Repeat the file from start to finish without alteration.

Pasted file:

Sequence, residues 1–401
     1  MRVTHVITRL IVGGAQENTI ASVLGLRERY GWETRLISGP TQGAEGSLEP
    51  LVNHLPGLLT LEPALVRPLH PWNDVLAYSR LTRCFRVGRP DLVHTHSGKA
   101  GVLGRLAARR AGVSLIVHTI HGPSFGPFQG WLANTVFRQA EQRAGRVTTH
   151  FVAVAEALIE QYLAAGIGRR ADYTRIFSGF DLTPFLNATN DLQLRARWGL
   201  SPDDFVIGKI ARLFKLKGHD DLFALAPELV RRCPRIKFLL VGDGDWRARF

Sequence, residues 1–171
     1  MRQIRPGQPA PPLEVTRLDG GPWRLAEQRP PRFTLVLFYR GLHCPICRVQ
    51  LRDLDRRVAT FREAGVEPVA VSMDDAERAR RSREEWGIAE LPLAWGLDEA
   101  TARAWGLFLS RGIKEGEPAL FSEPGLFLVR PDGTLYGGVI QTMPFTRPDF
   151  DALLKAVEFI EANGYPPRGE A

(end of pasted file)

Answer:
Sequence, residues 1–401
     1  MRVTHVITRL IVGGAQENTI ASVLGLRERY GWETRLISGP TQGAEGSLEP
    51  LVNHLPGLLT LEPALVRPLH PWNDVLAYSR LTRCFRVGRP DLVHTHSGKA
   101  GVLGRLAARR AGVSLIVHTI HGPSFGPFQG WLANTVFRQA EQRAGRVTTH
   151  FVAVAEALIE QYLAAGIGRR ADYTRIFSGF DLTPFLNATN DLQLRARWGL
   201  SPDDFVIGKI ARLFKLKGHD DLFALAPELV RRCPRIKFLL VGDGDWRARF

Sequence, residues 1–171
     1  MRQIRPGQPA PPLEVTRLDG GPWRLAEQRP PRFTLVLFYR GLHCPICRVQ
    51  LRDLDRRVAT FREAGVEPVA VSMDDAERAR RSREEWGIAE LPLAWGLDEA
   101  TARAWGLFLS RGIKEGEPAL FSEPGLFLVR PDGTLYGGVI QTMPFTRPDF
   151  DALLKAVEFI EANGYPPRGE A